This post was originally published on the personal blog of new Code for San Jose member James Tyack. We’re excited to have James join us from Philadelphia, where he was a valued civic hacker at Code for Philly.

Last weekend I attended a fun meet-up session organized by brilliant minds at Code for San Jose. The idea was to come up with a set of mini 2-hour civic projects for beginners. I wanted to share my thoughts on what we did because I think it’s something we should all be thinking about if we expect new people to feel welcome and engaged when they join our team, group or workplace.

I’ve been going to civic hacking events in Philly for some time and remember my first meetup over 2 years ago. There was a brief introduction. After that, I was surrounded by lots of talented civic hackers working on projects that seemed big, well established and, frankly, overwhelming. And that’s coming from a software engineer with years of experience.

Where to start? What problems were we trying to solve? What’s 311 and will I sound stupid if I ask? Where’s the open data coming from and why’s it so difficult to use?

Over time I learnt about open data portals, tools like Mapbox, CartoDB, data scraping, open data APIs, 311 systems, transit GTFS feeds etc. etc. I looked at work by rockstar Civic Hackers like Derek Eder and Chris Whong; and reached out to chat about their achievements. I met up with people from the City, SEPTA (Philly’s transit authority) and went along to other Code for America groups (“brigades”) like BetaNYC to find out what problems they were trying to solve.

Eventually, I figured out easy ways to do what I wanted to do: help get broken elevators at stations fixed by improving awareness of the outages. I cleaned up some open transit data, mapped it, tweeted my results and established a project, Unlockphilly.

I also discovered that some of the best civic work doesn’t involve extensive software development; just a great idea that solves a real problem and creative thinking combined with open data and simple, free tools.

In the meantime, I saw lots of people from different backgrounds with bucket loads of enthusiasm and valuable/diverse skill sets (technical and non technical) come and go after just one week. I think many of them found it difficult to see a quick way to contribute and found the experience confusing and overwhelming.

These problems obviously aren’t restricted to to the civic hacking world, they’re pervasive throughout most organizations and us ‘experts’ have a responsibility to have ‘beginners mind’ and think about ways to help new people feel welcome, engaged and valued.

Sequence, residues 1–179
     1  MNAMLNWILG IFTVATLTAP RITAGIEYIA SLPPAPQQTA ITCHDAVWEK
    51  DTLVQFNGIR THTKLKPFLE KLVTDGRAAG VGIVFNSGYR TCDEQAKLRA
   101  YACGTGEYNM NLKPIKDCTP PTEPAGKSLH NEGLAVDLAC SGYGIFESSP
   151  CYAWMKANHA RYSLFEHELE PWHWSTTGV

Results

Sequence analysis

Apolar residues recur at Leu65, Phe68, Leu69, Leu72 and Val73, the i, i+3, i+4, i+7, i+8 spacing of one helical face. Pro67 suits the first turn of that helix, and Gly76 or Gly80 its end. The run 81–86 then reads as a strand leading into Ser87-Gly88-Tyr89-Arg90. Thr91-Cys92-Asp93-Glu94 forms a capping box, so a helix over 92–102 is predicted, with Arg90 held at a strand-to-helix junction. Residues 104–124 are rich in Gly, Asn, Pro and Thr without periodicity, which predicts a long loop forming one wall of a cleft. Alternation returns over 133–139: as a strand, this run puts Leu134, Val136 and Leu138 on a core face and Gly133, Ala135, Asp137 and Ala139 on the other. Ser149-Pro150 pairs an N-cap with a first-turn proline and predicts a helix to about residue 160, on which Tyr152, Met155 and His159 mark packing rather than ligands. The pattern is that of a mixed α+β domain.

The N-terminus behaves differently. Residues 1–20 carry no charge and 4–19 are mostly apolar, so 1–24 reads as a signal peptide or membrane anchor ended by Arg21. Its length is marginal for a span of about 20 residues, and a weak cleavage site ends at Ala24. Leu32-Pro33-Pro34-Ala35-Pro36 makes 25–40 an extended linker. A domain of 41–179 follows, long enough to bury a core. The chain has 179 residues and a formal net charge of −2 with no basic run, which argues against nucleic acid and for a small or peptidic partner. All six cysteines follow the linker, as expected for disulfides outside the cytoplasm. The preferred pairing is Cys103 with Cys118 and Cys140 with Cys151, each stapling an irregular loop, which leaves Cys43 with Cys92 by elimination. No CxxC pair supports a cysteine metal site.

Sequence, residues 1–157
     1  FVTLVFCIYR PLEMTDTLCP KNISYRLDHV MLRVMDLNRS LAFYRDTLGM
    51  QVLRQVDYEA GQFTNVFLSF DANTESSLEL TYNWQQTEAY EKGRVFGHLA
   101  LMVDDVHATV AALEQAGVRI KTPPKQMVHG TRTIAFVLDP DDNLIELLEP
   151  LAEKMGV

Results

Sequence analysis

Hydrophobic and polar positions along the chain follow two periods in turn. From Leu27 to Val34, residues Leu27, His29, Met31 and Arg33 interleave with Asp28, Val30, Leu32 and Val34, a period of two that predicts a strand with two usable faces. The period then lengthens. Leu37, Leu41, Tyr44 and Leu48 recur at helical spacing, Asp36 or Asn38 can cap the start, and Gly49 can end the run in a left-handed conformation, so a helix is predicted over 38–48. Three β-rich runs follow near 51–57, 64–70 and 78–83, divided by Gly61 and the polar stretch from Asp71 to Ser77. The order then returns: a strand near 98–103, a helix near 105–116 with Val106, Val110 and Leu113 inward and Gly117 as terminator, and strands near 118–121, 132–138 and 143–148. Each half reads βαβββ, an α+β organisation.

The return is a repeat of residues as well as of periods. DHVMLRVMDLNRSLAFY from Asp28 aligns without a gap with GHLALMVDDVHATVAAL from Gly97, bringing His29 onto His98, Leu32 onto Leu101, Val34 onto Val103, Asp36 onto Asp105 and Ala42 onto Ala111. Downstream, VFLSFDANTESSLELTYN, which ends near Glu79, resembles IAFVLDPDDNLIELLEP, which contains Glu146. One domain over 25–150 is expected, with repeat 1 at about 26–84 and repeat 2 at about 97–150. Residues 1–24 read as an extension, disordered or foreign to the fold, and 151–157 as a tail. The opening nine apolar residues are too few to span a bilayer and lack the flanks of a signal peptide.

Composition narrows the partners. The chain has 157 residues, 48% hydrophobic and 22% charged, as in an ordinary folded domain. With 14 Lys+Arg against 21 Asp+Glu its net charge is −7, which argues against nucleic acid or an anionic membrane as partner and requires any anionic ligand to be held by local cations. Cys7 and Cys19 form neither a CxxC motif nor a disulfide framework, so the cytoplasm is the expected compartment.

Things have changed dramatically since I signed up. At Code for Philly we have great welcoming sessions led by an incredible team of dedicated and passionate people who understand the challenges of being a newbie. Mentors will help you find the right project match for your interests and skills set and even help you get started with your own idea. The brigade has high turnout with lots of regular members and incredibly active and impactful projects like CyclePhilly.

However, there are still challenges when it comes to knowing where to start with so many experienced experts and well established projects around.

That’s where mini projects come in. Team members with knowledge of easy-to-use tools and clean data sets devise small, well defined 2-hour tasks. New recruits pick up these tasks and pair up with someone who can help. Hopefully they then complete their first hack night feeling engaged and proud of what they’ve achieved.

Here are some of the ideas we came up with to get things started. We put these issues in our ‘Project Ideas’ repository and labelled them ‘Small Project’ so they’re easy to identify.

The first idea is a foundation to ensure beginners have access to free, simple (but powerful) data/hacking tools that require minimal setup.

We’ll be refining and building on these ideas in coming weeks based on feedback and success measures. I’m hoping to see lots of great work coming out of this from happy, engaged civic hackers!

“If your mind is empty, it is always ready for anything, it is open to everything. In the beginner’s mind there are many possibilities, but in the expert’s mind there are few.” Shunryu Suzuki – Zen Mind Beginner’s Mind